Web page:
During his presidency, Lyndon Johnson witnessed the passage of more civil rights legislation than any other president. He signed the 1964 Civil Rights Act and the 1965 Voting RIghts Act. However, whilst some historians credit him with being one of the most influential figures in the civil rights movement, others argue that he was motivated by political ambition. For Johnson himself, equal rights were integral to his vision of America as a “Great Society”.
Born 27 August 1908, Lyndon Johnson’s first job was as an elementary teacher. He taught Mexican American students in a segregated school, who he described as “mired in the slums”, “lashed by prejudice” and “buried half alive in illiteracy”. Johnson firmly believed that education was the key to fighting poverty.
In 1937, Johnson campaigned for the House of Representatives on a New Deal platform. He helped secure loans and federal grants for farmers, schools, housing for the poor, roads and public libraries for his Texan constituents. By the end of the 1930s, Johnson was being called “the best New Dealer from Texas”. However, he was still constrained by his Southern upbringing and the expectations of other conservative politicians.
In order to enter the Senate in 1948, Johnson had to move strategically to the right. Once he became a congressman he had little choice but to vote with his fellow Southern Congressmen against bills that promoted civil rights, such as eliminating poll taxes and outlawing lynching. He opposed Truman’s civil rights programme and, in doing so, alienated Southern Blacks. Johnson’s argument was that he was constrained by the Southern political context - if he went against the status-quo there would be no way of realising his political ambition.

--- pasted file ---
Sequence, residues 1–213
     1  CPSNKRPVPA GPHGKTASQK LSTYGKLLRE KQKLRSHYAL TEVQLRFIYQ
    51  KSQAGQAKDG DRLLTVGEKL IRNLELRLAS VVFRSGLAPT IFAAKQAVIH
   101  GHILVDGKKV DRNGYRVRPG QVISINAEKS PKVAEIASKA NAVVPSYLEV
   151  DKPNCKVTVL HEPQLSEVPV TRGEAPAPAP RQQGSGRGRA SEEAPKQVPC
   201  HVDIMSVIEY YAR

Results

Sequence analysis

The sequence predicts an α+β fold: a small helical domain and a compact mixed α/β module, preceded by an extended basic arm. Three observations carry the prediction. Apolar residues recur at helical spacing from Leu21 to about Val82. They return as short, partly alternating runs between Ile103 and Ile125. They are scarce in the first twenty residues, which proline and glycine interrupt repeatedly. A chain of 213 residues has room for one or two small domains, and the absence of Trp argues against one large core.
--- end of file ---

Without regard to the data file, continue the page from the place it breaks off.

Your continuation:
Johnson also believed that a government could not force civil rights legislation on those who didn’t believe in it. Despite this, Johnson fought for equal treatment for school children and black farmers in his congressional district. He believed that real change would happen by taking small, important, steps at a local level. Johnson also managed to secure federal funding for housing for minorities living in slums in Austin, Texas.
Johnson’s shrewd political maneuvering makes it difficult to understand his true stance on the issue of civil rights.
However, over time Johnson made his support for civil rights clearer. He supported the 1954 Brown v Board decision by the Supreme Court when the majority of Southern politicians did not. Johnson believed that it was important for the South to accept it, knowing investors were put off by racial tensions. Johnson was also aware that he could not show himself to be too Southern. His decision not to sign the Southern Manifesto in protest of the Brown decision was evidence of this - although his true political objectives for this are up for debate.